This would be down to very fundamental differences in thinking and conceptualisation that are difficult or impossible to "just" teach over. It requires those arguing over "ease of use" to recognise that it's not a property of the tool itself, but a function of both the tool and the user and how well the tool fits the particular, individual, user.
If you've spent years editing your code character by character it won't be apparent why being able to use shortcuts or indentation to edit your code as forms would be a new editing default
I'd argue it's possible to teach everyone, but not motivate everyone
I've also seen a few smart people learn the mechanical parts of Clojure and then dismiss it, not understanding the hype because they were just using it like a very imperative language that just happened to be immutable
As a learner you should definitely go through it's rational and Rich Hickey talks first before learning it: https://www.youtube.com/watch?v=rI8tNMsozo0
It exposes the PDP-11 most cleanly. For modern machines the mismatch between the C abstract machine and the actual hardware has been steadily increasing for decades. It's still close to the hardware compared to almost all other languages, but it is by no means "as cleanly as possible". It's not portable assembly like in the days of yore.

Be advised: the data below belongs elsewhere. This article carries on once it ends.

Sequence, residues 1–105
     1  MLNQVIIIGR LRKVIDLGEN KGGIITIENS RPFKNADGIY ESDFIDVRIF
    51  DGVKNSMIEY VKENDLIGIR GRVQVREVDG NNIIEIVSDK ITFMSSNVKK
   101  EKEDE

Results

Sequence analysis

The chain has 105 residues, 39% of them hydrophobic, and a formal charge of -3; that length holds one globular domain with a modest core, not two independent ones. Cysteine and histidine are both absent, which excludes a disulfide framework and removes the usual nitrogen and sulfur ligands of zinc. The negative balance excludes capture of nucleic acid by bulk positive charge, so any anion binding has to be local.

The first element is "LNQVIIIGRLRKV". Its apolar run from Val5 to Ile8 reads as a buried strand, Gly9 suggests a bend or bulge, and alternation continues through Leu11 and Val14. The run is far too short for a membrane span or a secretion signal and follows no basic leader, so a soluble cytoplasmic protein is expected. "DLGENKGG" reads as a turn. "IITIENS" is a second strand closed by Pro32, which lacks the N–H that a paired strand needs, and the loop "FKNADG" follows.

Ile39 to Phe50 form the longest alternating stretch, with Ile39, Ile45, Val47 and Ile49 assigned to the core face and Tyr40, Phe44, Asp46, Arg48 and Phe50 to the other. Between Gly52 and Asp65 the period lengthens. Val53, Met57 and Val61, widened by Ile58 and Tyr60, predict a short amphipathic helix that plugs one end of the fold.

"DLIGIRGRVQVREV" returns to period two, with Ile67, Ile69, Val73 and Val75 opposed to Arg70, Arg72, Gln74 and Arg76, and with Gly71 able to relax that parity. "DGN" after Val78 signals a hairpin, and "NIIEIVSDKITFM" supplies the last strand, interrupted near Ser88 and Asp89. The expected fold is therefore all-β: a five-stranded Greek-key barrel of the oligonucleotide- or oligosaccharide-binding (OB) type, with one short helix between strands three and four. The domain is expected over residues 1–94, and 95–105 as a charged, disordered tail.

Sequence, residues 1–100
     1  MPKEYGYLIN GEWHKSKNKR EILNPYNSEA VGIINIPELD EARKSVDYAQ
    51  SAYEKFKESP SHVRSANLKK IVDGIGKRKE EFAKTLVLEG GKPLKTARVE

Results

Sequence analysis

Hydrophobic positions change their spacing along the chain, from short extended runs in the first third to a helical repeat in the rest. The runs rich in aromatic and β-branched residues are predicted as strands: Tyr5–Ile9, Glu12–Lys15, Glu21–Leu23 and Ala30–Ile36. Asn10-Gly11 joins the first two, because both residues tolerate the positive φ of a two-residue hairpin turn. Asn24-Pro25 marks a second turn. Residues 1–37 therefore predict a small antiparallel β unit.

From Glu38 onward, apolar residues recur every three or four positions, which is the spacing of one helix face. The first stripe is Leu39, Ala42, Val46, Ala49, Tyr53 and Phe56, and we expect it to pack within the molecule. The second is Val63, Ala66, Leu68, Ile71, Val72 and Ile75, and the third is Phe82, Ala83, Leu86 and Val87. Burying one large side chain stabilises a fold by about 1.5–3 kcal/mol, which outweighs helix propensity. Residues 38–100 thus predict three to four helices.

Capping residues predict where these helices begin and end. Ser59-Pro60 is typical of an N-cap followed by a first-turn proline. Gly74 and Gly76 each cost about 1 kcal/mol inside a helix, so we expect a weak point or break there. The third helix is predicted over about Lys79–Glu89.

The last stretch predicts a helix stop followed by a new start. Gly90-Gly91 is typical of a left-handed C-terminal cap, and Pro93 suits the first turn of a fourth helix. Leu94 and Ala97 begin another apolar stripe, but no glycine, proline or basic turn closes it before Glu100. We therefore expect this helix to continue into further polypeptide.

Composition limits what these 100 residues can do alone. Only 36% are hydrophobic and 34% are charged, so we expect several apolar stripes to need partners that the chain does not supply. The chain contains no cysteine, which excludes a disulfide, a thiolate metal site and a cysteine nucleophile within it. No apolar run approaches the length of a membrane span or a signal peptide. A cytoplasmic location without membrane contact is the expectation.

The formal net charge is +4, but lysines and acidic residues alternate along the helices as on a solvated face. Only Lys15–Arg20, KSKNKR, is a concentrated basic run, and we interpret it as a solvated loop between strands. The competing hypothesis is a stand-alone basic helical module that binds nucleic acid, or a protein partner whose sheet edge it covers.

A lot of myths about lisp being conceptually pure come from poorly taught college classes. If there were one active lisp user for every time I've heard "Lisp? The only thing I remember about that is that it doesn't have loops," then the lisp community would be a large thriving community.
Well .. sort of. I agree with the comment about C being effectively a PDP-11 VM; there are all sorts of features which it doesn't and can't expose. If you look at the Intel instruction set of the present day with all its extensions, how much of that can the compiler really emit? Multithreading is also something that's been very awkwardly retrofitted to C, with all sorts of memory ordering issues that aren't easy to fix. Then there's all the "undefined behaviour" wrangling.
By raw FLOPS the most powerful part of the average computer will be the graphics card, which really isn't suitable for C (or Lisp!) programming at all.
Another reason could be developers who like to compose programs from the bottom up would naturally like repl based development, but there are many languages with great repl experiences.
Anecdotally, there seems to be a dislike of Lisp just because of the parens-based syntax. Do you think the different syntax counts as being such a fundamental difference for 90% of developers? Is it really so bad to have to write:
(define x 1)
let x = 1;
That difference makes it "left-handed scissors"?
The big 'problems' are a) interactive use (much of Lisp usage is 'interactivity first'), b) the code as data thing and lack of static feedback (type checks, ...).
The 'code as data' thing is a real hurdle: what is code, what is data, what is transformed code, what are code transformers, ... One needs a mental model to work with code which is making heavy use of meta-linguistic-programming.